Orientalism and the figure of the Jew
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Orientalism and the figure of the Jew / Jeffrey S. Librett.
|Main author:||Librett, Jeffrey S., (Author)|
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"This book demonstrates the inextricable entanglement of Orientalism and anti-Judaism in modern German letters. It shows how historicist narratives posit the Orient as fetish in lieu of absent origins, then appropriate this fetish by applying to the East-West relation the Christian supercessionist typology earlier developed to construe the Jewish-Christian relation"--
"Orientalism and the Figure of the Jew proposes a new way of understanding modern German Orientalism in particular and modern Orientalism in general. To do so, it traces a path of modern Orientalist thought in German across crucial writings from the late eighteenth to the mid twentieth centuries, texts by Herder, F. Schlegel, Goethe, Hegel, Schopenhaer, Buber, Kafka, and Freud. It argues first of all that Orientalism and anti-Judaism are inextricably entangled. It suggests, further, that we misconstrue modern Orientalism if we see it exclusively as an expression of superior Western "material" power. Rather, while the modern West certainly asserts "material" power in the East, this self-assertion is overdetermined by a "spiritual" weakness of sorts: by an anxiety about the absence of absolute foundations and values that coincides with Western modernity itself. The book shows how the modern--here, German--West posits the Oriental "origin" as a fetish to fill the absent place of lacking foundations. Orientalism thus has the structure of (Freudian-Lacanian) disavowal. But a fetish always needs to be made mine. This particular fetish--the fetish of the Eastern "origin"--Is appropriated as Western by means of the displaced, quasi-secularized application of Christian typology. The Orient now prefigures its Occidental realization as Judaism once prefigured its Christian fulfillment. This structure of appropriation entails, however, that the Orient is always double, divided into an inappropriable, "bad" Orient and an appropriable, "good" Orient, just as in Christian typology prefigural Judaism was haunted by its irredeemably material, pagan double. This splitting of the Orient appears in the German tradition--but not just there--especially as the Semite-Aryan couple. The book traces variations on this theme through historicist texts of the nineteenth century, and then shows how high modernists like Buber, Kafka, Mann, and Freud place this historicist narrative in question. After a discussion of Orientalist dimensions in contemporary German culture, the book concludes with the outlines of a cultural historiography that would distance itself from the metaphysics of historicism, confronting instead its underlying anxieties"--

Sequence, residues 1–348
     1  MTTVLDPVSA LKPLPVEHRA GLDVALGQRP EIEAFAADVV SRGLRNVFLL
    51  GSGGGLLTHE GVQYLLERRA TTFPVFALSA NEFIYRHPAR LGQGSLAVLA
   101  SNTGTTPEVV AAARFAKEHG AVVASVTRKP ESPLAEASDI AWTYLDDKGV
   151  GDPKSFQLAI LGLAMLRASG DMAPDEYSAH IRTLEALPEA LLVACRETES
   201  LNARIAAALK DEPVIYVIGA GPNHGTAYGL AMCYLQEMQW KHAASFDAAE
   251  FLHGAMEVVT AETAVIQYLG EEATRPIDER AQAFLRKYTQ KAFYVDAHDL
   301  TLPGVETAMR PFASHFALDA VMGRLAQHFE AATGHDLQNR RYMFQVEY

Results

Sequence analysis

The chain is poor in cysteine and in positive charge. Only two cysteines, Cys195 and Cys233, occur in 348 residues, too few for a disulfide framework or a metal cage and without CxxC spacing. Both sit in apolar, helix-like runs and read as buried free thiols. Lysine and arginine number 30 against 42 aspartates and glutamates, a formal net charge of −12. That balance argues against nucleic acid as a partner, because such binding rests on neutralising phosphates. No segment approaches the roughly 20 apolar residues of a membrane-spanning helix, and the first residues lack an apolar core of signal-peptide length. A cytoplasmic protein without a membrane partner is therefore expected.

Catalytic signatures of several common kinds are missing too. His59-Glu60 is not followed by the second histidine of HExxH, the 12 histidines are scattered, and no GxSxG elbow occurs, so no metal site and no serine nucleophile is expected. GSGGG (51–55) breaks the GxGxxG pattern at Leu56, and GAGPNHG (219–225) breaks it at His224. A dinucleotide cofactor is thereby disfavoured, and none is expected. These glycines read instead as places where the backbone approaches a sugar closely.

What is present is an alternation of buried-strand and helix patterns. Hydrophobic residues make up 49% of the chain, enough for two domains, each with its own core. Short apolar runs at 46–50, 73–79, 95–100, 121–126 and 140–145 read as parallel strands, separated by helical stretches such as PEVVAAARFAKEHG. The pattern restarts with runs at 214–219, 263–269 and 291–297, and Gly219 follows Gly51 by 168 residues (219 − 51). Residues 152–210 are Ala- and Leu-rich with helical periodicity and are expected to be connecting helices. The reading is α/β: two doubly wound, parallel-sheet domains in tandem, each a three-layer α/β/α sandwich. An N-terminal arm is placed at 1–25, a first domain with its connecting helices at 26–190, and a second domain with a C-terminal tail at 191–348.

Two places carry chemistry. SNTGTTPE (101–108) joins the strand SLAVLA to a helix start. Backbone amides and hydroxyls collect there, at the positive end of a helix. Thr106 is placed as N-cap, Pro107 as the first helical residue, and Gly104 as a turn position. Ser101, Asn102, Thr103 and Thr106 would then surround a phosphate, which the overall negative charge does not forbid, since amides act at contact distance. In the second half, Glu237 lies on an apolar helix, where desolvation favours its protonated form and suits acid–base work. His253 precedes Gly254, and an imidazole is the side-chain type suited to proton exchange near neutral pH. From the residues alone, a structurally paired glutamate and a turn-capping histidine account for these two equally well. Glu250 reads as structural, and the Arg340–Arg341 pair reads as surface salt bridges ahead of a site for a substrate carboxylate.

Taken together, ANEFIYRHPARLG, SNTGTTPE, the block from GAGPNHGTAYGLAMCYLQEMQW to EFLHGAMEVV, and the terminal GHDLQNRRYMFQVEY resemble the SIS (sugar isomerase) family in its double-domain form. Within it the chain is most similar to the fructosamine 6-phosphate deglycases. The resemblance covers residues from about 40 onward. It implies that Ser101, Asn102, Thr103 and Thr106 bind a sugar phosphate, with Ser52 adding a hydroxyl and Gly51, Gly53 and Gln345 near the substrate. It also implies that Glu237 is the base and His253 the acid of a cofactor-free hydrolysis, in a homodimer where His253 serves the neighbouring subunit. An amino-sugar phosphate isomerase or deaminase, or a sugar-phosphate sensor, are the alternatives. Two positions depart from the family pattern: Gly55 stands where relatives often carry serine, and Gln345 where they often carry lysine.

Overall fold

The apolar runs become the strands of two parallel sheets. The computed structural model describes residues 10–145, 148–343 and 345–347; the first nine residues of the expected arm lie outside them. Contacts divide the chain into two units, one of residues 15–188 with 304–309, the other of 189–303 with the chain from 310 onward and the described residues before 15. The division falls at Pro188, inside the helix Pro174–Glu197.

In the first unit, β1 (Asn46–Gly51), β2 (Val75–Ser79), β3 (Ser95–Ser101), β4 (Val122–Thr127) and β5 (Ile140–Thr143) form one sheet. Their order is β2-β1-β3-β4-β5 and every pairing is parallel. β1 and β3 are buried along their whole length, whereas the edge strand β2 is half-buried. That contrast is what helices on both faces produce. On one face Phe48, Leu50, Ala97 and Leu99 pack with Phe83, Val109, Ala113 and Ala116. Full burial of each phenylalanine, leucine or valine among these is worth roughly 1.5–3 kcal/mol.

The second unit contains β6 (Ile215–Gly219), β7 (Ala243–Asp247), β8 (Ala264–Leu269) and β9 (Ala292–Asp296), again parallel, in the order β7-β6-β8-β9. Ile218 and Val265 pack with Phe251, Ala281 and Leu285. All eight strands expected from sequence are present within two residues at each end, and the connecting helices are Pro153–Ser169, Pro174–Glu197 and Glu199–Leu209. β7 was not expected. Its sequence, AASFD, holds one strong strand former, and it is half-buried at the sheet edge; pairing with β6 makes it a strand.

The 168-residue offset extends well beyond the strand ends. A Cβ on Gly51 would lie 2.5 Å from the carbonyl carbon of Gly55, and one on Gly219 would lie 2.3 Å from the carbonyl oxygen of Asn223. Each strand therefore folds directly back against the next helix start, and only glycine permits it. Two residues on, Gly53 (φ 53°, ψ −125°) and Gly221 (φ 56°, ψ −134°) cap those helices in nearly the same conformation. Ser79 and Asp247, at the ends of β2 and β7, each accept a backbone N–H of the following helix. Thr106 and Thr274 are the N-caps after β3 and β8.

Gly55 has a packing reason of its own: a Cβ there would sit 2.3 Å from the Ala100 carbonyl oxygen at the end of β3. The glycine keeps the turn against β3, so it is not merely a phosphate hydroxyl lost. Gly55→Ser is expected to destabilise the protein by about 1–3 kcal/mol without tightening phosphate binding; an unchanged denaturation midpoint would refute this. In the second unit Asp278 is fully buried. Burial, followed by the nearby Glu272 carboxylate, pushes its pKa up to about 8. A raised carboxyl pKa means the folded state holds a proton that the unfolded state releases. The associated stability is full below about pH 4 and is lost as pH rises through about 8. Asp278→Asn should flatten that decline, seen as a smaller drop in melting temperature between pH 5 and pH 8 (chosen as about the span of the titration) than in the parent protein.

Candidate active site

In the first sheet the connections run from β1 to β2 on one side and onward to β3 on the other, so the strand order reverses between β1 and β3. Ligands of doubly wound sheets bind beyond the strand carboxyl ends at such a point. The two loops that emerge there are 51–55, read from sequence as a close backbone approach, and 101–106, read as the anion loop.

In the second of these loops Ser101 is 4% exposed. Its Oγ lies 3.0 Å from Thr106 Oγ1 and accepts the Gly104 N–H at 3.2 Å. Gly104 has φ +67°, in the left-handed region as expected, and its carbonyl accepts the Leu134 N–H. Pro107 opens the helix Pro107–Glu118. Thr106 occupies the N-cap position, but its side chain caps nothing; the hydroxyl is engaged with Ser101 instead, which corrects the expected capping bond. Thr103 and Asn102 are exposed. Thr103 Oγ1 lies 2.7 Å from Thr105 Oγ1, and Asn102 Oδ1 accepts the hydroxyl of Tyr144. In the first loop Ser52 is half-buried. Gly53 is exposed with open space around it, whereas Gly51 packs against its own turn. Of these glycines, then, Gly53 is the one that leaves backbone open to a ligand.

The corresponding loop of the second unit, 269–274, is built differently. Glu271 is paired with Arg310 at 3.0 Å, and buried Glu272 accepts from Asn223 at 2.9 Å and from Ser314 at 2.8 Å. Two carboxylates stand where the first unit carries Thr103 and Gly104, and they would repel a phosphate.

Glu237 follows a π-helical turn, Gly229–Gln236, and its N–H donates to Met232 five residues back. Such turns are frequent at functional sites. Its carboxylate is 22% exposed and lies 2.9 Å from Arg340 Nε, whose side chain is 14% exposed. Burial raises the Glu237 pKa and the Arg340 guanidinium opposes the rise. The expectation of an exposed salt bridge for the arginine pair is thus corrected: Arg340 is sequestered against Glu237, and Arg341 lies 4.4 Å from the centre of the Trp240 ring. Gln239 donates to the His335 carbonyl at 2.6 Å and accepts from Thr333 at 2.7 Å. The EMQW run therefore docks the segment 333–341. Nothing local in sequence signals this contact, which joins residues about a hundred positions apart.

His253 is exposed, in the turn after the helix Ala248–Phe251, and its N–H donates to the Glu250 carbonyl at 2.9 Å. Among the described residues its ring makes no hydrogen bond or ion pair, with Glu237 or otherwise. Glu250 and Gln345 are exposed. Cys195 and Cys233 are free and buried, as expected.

New York :
Fordham University Press,
Includes bibliographical references and index.